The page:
Non-Clinical Topics   /   Pharmacy

TRICARE Offers Free Vaccines at Retail Pharmacies, Reduces Healthcare Costs

USM By U.S. Medicine
January 15, 2013

Flu Immunization Milestone Reached Ahead of Schedule

By Annette M. Boyle

FALLS CHURCH, VA — An unusually early start to the influenza season propelled the DoD to reach its milestone of 90% vaccination of all uniformed personnel and required civilians two weeks ahead of schedule.

Hospital Corpsman 1st Class Jimmie Davis gives a flu shot to Marine 1st Lt. Sean McCarragher aboard the USS Iwo Jima. DoD met its goal of having more than 90% of all active-duty members vaccinated against influenza by Dec. 17. Active-duty personnel and mobilized National Guard and reserve members are required to be immunized, as are all DoD civilian health personnel and others with immunizations required in their job descriptions

The ease of receiving free vaccinations at retail network pharmacies also might have boosted vaccination rates for other TRICARE beneficiaries.

In August, the Military Vaccine Agency set a goal of 100% vaccination rate for this year, with a milestone of at least 90% by Dec. 17. As of Dec. 6, 91% of active duty forces had received the 2012-2013 influenza vaccination.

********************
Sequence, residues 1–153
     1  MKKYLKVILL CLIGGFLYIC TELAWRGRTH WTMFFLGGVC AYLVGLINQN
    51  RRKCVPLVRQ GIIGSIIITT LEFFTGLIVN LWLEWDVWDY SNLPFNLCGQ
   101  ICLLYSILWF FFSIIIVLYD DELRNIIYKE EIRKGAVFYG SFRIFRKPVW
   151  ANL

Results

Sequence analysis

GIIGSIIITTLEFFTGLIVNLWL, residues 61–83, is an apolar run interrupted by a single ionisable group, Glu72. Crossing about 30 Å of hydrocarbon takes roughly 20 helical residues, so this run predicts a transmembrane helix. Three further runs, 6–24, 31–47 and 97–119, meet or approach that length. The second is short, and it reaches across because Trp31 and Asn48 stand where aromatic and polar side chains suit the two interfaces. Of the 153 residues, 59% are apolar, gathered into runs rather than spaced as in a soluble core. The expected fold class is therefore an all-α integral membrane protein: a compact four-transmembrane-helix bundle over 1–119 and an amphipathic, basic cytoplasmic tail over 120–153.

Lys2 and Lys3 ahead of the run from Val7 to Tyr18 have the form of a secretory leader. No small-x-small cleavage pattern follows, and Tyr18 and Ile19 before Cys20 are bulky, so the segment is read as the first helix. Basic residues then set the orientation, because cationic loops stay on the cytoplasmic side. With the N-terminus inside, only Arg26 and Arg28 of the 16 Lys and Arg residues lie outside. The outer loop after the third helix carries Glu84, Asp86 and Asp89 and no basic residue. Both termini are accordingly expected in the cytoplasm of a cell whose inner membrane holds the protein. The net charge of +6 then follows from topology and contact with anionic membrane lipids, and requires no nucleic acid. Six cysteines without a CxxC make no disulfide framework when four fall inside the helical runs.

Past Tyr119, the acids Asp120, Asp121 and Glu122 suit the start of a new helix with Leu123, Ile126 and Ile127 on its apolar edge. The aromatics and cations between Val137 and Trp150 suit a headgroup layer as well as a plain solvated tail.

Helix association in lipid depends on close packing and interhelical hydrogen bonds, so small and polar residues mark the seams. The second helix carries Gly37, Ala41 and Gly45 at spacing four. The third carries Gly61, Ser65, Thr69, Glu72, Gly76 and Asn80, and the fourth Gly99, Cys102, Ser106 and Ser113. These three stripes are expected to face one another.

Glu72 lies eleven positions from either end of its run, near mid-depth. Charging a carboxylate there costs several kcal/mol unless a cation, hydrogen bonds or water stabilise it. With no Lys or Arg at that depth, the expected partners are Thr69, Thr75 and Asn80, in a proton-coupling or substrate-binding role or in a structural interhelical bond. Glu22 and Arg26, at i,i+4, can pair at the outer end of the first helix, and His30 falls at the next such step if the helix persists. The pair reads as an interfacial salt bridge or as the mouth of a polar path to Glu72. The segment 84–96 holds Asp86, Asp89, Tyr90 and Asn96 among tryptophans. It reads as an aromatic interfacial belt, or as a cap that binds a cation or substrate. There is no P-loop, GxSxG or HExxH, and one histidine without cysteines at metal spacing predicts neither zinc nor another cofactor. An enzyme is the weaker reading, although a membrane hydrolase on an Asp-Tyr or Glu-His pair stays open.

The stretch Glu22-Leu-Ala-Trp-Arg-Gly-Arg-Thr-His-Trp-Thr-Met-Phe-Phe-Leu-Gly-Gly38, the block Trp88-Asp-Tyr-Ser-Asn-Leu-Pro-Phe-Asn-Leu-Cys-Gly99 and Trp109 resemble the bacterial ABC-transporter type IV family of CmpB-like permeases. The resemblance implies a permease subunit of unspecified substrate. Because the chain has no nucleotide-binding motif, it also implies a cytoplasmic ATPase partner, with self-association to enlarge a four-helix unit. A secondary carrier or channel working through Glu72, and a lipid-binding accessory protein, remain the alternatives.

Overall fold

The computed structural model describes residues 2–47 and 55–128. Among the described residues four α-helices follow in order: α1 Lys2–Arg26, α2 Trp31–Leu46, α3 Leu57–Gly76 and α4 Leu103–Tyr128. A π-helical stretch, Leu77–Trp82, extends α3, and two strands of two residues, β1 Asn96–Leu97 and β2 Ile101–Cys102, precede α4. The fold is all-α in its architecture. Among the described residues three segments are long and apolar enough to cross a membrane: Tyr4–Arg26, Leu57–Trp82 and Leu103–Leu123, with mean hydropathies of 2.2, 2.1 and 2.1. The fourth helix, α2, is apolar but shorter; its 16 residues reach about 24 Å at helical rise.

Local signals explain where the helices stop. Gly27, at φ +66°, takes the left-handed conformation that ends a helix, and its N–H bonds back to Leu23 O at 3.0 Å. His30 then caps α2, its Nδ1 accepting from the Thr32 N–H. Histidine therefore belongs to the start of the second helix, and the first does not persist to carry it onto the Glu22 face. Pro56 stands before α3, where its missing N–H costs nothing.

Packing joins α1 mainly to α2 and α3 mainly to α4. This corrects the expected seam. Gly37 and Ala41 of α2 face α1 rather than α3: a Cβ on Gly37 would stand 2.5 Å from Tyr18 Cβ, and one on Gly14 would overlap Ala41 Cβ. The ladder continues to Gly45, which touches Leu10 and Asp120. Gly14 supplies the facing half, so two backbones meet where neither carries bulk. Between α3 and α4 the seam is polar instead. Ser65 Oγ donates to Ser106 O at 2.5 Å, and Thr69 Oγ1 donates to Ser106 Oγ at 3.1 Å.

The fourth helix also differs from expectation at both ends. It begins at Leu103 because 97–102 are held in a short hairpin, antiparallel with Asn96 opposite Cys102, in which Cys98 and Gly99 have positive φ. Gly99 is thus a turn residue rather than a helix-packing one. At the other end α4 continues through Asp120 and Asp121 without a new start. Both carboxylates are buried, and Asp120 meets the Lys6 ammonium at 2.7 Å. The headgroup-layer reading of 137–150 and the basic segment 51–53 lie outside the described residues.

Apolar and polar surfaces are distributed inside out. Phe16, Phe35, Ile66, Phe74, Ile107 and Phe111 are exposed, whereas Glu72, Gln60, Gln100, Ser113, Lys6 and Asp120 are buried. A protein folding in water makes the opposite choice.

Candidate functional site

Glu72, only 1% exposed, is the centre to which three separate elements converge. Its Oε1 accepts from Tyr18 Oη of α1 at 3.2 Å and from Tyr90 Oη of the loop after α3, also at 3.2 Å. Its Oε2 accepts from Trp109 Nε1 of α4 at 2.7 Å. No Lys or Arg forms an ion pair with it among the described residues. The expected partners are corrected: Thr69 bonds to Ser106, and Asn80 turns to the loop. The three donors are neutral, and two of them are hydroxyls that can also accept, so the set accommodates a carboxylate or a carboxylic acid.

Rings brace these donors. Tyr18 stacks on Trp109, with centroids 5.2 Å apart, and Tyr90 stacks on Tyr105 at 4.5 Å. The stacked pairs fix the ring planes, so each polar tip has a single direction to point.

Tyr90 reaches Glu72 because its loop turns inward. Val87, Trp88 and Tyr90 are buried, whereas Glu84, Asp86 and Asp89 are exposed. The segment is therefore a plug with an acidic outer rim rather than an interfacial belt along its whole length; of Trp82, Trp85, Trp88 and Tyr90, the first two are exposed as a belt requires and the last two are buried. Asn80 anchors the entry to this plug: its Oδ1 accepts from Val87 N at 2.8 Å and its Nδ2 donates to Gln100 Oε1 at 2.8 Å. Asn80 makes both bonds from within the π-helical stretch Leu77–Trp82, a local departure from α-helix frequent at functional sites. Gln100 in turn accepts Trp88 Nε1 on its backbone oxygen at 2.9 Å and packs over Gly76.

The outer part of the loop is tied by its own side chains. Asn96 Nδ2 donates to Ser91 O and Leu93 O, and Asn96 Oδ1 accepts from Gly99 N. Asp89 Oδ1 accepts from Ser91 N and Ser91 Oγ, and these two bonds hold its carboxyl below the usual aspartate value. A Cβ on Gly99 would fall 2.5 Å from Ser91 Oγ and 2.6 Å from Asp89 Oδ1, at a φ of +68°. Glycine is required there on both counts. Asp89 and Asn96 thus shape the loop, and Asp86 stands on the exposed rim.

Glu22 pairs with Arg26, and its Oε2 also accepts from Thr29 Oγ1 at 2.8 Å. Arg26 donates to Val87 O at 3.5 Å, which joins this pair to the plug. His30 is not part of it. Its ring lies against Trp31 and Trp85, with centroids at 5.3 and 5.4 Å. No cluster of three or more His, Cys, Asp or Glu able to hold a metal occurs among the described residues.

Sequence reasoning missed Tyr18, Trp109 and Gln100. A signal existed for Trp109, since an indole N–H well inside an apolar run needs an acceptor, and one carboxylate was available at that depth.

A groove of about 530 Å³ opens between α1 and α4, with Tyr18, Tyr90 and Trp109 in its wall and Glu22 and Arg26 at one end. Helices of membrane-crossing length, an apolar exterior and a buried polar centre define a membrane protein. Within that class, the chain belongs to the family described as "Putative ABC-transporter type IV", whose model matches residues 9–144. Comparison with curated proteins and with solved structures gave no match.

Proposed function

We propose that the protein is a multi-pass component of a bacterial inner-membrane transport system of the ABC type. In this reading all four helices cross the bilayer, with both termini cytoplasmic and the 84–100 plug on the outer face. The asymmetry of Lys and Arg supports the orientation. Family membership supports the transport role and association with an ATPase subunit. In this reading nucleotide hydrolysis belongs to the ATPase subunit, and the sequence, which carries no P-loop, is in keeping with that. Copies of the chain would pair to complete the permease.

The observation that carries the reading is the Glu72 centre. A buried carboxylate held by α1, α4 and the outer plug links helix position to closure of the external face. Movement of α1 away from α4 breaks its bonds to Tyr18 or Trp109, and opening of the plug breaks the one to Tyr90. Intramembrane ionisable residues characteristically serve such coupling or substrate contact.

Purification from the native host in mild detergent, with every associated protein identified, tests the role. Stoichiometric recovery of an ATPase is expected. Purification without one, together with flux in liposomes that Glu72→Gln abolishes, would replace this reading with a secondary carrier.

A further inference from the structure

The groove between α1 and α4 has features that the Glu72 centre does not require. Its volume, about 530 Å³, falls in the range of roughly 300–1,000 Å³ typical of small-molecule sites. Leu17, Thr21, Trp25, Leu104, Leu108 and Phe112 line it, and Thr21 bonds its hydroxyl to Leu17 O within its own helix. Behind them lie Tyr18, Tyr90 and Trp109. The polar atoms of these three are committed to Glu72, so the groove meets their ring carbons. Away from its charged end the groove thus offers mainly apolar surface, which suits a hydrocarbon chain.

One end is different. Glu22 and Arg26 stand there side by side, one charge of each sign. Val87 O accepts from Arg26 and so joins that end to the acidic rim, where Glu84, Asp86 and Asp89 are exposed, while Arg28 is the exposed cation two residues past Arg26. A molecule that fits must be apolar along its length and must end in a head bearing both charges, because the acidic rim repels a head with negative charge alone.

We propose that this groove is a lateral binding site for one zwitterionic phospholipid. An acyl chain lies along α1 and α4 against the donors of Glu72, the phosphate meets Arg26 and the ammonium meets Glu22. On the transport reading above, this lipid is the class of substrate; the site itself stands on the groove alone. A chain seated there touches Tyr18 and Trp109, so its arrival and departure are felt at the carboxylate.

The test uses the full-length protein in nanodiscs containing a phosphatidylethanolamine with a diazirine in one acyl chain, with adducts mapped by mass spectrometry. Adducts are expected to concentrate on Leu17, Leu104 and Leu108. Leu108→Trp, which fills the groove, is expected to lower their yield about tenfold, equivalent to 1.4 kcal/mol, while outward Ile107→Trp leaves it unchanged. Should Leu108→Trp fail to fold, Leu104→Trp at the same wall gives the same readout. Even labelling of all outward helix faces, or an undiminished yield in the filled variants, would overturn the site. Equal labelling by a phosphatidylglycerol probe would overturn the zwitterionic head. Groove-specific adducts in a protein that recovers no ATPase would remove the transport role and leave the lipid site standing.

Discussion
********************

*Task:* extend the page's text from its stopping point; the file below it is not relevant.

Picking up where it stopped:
Even with tightening budgets and increasing pharmacy copays, the vaccinations will continue to be offered for free in 2013, Rear Adm. Thomas McGinnis, chief, TRICARE Pharmaceutical Operations Directorate told U.S. Medicine.

While the past two years have seen fairly to very mild flu seasons, this year might be different.

“This is the earliest regular flu season we’ve had in nearly a decade, since the 2003-2004 flu season,” said Thomas Frieden, MD, director of the Centers for Disease Control and Prevention (CDC), Atlanta, in a media teleconference, adding that the national uptick in cases is about a month sooner than usual.

“That was an early and severe flu year and, while flu is always unpredictable, the early nature of the cases as well as the specific strains we’re seeing suggest that this could be a bad flu year,” Frieden said.

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